Presentation on theme: "Effective Transition from Early Intervention to Preschool"— Presentation transcript:
1 Effective Transition from Early Intervention to Preschool Antonia Brancia Maxon, Ph.D., CCC-A1, 2Karen Clark, M.A.1, 31 National Center for Hearing Assessment and ManagementLogan, UT2 New England Center for Hearing RehabilitationHampton, CT3 UTD/Callier Center for Communication DisordersDallas, TX
2 Faculty Disclosure Information In the past 12 months, we have not had a significant financial interest or other relationship with the manufacturer of the product or provider of the services that will be discussed in our presentation. This presentation will not include discussion of pharmaceuticals or devices that have not been approved by the FDA.
3 Transitions There are always transitions in life There are always options in the transition periodsKnowing options and goals helps to navigate through the processThere is more than one way to get through the transition with a positive outcome
4 People and Places in the Process Identification to age 3 Adults Children Environment parents siblings home family speech, language centers hearing and other early and/or intervention professionals home
5 Language Development From Identification to age 3 Discriminates people’s voicesDiscriminates songsSoothed by the presence of familiar voiceRecognizes many familiar words and phrasesAuditory memory of two items in a phrase (Put Elmo on the table)Can produce most consonants and all vowels
6 Language Development From Identification to age 3 Understands common verbsUnderstands “What” and “Where” questionsProduces sentences with a subject and verbUses plurals (doggies) and present progressive (Doggie is walking)Likes to singCan (and will!) repeat back ‘naughty’ wordsSpeech is intelligible to familiar adults
7 People and Places in the Process Age 3 (entering preschool) Adults Children Environment parents siblings home family teacher classmates school
8 Language Development Age 3 to 5 (home) Understands and can attend to longer stories at nightBeginning to use conjunctions such as “and”.Understands ‘knock-knock’ jokesAble to tell stories and ‘tattle’ on siblingsAble to produce more consonants and some ‘blended’ sounds such as /br/
9 Language Development Age 3 to 5 (preschool) Can attend to short stories at circle time.Can follow teacher’s instructionsCan talk with other students, know when to ask for clarification and how to clarify when he/she is not understoodCan verbally engage in playUses pronouns he/she, him/herAnswers most “WH” questionsAsks “Why?”Able to follow three step commands
10 “What’s the difference” Goals of EarlyInterventionStrengthen families to meet the developmental and health-related needs of their infants and toddlers who may have delays or disabilitiesFamilies must be involved with the process to develop the IFSPGoals of Special EducationEducate the child with a delay or disabilityFamilies must be members of the IEP meetings that make decisions on the education of their child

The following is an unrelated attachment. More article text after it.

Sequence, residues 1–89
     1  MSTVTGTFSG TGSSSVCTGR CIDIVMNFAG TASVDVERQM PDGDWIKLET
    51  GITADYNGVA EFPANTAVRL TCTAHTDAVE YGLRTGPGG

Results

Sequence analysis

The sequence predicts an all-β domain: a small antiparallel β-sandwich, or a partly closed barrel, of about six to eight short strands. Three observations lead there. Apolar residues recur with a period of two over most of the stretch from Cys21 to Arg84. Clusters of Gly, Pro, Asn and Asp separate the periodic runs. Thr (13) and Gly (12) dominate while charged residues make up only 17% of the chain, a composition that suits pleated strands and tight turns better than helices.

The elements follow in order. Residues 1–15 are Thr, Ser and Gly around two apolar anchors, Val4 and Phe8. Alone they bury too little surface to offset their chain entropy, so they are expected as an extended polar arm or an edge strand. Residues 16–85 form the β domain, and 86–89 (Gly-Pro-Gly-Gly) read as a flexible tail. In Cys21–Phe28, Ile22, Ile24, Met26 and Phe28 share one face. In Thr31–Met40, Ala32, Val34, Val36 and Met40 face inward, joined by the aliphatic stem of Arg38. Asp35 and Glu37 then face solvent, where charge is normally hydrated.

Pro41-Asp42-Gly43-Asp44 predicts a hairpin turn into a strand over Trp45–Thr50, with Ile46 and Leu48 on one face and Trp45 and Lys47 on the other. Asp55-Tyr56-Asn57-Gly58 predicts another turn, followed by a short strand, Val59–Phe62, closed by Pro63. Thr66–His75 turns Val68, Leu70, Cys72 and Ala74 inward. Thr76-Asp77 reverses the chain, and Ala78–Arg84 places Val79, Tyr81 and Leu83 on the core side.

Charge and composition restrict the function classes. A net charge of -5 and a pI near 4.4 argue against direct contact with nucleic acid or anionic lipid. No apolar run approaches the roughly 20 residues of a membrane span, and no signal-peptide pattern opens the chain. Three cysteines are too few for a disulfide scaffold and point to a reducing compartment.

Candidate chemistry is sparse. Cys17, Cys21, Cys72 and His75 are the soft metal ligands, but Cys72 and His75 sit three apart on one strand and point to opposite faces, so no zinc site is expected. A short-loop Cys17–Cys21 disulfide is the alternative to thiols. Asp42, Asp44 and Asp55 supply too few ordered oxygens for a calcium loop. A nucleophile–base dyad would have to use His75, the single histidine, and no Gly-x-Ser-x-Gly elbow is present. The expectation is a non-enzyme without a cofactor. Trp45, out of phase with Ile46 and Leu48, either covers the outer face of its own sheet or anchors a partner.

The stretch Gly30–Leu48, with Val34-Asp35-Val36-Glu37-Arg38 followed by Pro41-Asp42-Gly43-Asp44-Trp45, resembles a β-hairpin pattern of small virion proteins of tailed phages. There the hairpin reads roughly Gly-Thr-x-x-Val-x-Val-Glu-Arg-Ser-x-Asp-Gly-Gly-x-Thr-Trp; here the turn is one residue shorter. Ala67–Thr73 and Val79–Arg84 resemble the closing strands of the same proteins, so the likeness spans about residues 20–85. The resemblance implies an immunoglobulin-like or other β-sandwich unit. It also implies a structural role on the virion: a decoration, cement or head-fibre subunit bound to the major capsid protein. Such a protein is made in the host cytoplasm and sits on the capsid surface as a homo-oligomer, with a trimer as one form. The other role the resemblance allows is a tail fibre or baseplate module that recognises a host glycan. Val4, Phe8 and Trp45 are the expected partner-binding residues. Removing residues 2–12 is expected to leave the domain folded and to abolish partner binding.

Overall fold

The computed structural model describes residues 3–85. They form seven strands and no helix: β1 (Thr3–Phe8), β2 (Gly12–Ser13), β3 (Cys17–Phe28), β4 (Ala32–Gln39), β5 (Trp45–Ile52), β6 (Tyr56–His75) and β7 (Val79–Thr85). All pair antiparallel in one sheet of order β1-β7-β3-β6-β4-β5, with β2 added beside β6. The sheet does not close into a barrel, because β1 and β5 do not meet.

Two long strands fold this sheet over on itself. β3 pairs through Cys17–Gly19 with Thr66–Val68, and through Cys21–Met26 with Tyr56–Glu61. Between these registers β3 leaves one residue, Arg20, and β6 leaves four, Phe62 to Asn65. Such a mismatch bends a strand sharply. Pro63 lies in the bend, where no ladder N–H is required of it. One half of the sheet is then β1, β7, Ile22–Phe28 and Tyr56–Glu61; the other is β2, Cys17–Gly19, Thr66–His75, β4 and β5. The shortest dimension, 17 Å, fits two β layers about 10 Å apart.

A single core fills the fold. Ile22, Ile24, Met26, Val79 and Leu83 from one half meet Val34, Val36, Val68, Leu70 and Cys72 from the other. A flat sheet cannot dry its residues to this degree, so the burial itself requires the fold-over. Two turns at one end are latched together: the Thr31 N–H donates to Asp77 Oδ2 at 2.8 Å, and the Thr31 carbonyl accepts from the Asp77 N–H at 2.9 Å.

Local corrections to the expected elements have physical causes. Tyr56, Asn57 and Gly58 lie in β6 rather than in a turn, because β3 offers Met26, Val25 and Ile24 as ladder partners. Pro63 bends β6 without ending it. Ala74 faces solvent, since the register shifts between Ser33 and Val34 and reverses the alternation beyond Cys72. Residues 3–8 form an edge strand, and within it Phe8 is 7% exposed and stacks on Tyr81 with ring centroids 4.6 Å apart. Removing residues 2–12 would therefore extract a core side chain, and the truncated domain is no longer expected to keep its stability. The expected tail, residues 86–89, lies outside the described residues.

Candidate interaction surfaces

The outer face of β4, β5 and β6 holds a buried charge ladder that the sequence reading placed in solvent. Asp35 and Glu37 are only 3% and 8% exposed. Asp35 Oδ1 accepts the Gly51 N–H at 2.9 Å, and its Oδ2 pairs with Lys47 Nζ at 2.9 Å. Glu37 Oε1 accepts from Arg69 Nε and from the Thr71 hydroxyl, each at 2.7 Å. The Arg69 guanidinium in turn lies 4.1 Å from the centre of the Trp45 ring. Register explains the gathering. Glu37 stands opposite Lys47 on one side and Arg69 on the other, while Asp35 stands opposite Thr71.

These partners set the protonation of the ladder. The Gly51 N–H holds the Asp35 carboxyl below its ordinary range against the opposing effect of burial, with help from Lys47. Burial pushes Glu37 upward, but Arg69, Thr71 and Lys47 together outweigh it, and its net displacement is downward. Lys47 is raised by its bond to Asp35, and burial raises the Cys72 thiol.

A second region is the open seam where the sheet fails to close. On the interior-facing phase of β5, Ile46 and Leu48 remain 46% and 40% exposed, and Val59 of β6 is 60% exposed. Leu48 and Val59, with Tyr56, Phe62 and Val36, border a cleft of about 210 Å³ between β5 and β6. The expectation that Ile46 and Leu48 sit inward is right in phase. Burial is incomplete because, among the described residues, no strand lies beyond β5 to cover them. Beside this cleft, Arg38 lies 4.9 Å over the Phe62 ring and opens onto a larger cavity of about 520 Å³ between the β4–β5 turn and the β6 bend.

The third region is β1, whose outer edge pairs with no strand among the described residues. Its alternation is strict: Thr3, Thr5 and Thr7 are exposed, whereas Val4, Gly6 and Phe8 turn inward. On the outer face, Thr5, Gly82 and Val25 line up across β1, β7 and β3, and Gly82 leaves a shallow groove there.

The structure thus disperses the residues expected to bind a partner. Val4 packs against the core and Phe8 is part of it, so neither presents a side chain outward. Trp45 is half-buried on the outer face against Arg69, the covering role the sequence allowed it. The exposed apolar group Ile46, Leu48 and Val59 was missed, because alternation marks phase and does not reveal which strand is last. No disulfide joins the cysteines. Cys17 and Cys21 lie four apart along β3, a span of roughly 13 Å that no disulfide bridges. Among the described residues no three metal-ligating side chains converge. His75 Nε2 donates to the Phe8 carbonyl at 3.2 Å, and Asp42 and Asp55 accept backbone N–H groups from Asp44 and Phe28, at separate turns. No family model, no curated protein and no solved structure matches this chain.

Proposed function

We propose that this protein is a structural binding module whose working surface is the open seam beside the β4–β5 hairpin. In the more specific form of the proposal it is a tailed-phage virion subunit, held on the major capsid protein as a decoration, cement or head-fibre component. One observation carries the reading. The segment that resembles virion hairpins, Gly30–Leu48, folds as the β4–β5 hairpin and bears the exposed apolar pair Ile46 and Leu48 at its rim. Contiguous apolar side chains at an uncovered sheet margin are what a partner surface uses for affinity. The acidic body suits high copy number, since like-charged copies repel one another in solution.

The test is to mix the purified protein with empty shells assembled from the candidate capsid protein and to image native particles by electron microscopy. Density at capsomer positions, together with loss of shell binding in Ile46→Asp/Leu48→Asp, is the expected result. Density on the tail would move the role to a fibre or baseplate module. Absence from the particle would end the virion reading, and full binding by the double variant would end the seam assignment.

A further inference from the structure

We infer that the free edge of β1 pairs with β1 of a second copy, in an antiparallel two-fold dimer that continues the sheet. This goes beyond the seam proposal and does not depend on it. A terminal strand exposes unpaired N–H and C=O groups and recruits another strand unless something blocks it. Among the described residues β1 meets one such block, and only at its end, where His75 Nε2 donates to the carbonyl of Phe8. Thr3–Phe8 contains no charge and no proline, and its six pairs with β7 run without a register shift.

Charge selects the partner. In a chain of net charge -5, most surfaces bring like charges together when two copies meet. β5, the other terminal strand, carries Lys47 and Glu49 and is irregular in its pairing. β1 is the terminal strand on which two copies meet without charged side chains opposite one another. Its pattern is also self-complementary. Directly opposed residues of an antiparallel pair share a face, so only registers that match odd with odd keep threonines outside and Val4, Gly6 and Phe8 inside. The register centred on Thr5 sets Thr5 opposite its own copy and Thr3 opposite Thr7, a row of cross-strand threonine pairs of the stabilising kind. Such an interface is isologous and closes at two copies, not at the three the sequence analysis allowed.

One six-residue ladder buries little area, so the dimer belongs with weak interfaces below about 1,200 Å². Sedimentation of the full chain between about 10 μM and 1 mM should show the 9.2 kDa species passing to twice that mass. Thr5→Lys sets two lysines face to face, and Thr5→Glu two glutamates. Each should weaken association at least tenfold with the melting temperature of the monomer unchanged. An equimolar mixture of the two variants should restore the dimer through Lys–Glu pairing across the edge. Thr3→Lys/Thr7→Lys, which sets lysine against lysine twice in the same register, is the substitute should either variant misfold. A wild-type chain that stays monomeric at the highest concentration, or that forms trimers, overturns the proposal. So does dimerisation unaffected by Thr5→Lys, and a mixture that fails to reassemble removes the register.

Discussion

11 Definitions LEA - Local Education Agency LRE - Least Restrictive EnvironmentFAPE – Free Appropriate Public EducationIEP - Individualized Education PlanIEP TeamTransition meetingSpecial Education ContinuumMainstream classIntegrated classSelf-contained class (a class for children who are deaf or hard of hearing may be one type of special education class)Related services
12 Timeline Referral to LEA Investigate Observe preschools word of mouth, phone calls to Special Education Director, Teacher of the Hearing Impaired, or other people in the school system with which you are familiarObserve preschoolsneighborhood preschools, special education preschools including preschools for children who are deaf or hard of hearing.
13 “When you come to a fork in the road, take it” - Yogi Berra
14 Things to consider Services Audiological services hearing evaluationsearmolds“aided” performanceIndividual speech, language, listening servicescenter-based vs. school-based servicesprofessional with expertisecoping with school personnel who think they “know”ConsultationsArranging for professionals to assist school personnel
15 Things to consider Assistive Technology Classroom amplification FM determining the needschool obligationFMcompatibility with child’s hearing aids/cochlear implantUse with audio-visual equipmentinterference with other wireless devices
16 Things to consider Assistive Technology MAP adjustments relationship to classroom performancecompatibility with FMTroubleshootingdaily monitoring of hearing aids, speech processor, FMtrained personnel on siteSuppliesback-up replacement suppliesbatteries
17 Things to consider Classroom Environment assessing room acoustics making necessary modificationteaching styleensuring the child has access to the informationlanguage of other studentsgood language and speech modelswillingness of teacher to make modificationsspeech, language, auditory considerations
18 Things to consider Part time preschool Extended school year Is the child able to be home for the rest of the day or is another preschool or daycare involved?Availability of full-time preschool?Extended school yearAre services available through the summer?Make the case – do not have to wait for regression
19 Things to consider In-service Technology: hearing aids, FMs, cochlear implantsTeaching stylesClassroom modificationsEffects of hearing loss on language learningUnderstanding interaction of language and academic performance